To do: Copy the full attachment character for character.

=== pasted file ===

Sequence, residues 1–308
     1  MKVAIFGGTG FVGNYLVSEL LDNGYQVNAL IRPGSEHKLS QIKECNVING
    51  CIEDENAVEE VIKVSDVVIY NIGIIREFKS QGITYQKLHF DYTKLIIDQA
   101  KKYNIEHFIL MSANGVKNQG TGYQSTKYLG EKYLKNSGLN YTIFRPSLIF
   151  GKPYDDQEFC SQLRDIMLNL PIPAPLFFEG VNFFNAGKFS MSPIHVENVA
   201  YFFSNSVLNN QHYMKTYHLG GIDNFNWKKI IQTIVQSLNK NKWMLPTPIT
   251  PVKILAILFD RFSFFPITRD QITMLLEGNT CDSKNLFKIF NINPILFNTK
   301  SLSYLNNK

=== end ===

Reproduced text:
Sequence, residues 1–308
     1  MKVAIFGGTG FVGNYLVSEL LDNGYQVNAL IRPGSEHKLS QIKECNVING
    51  CIEDENAVEE VIKVSDVVIY NIGIIREFKS QGITYQKLHF DYTKLIIDQA
   101  KKYNIEHFIL MSANGVKNQG TGYQSTKYLG EKYLKNSGLN YTIFRPSLIF
   151  GKPYDDQEFC SQLRDIMLNL PIPAPLFFEG VNFFNAGKFS MSPIHVENVA
   201  YFFSNSVLNN QHYMKTYHLG GIDNFNWKKI IQTIVQSLNK NKWMLPTPIT
   251  PVKILAILFD RFSFFPITRD QITMLLEGNT CDSKNLFKIF NINPILFNTK
   301  SLSYLNNK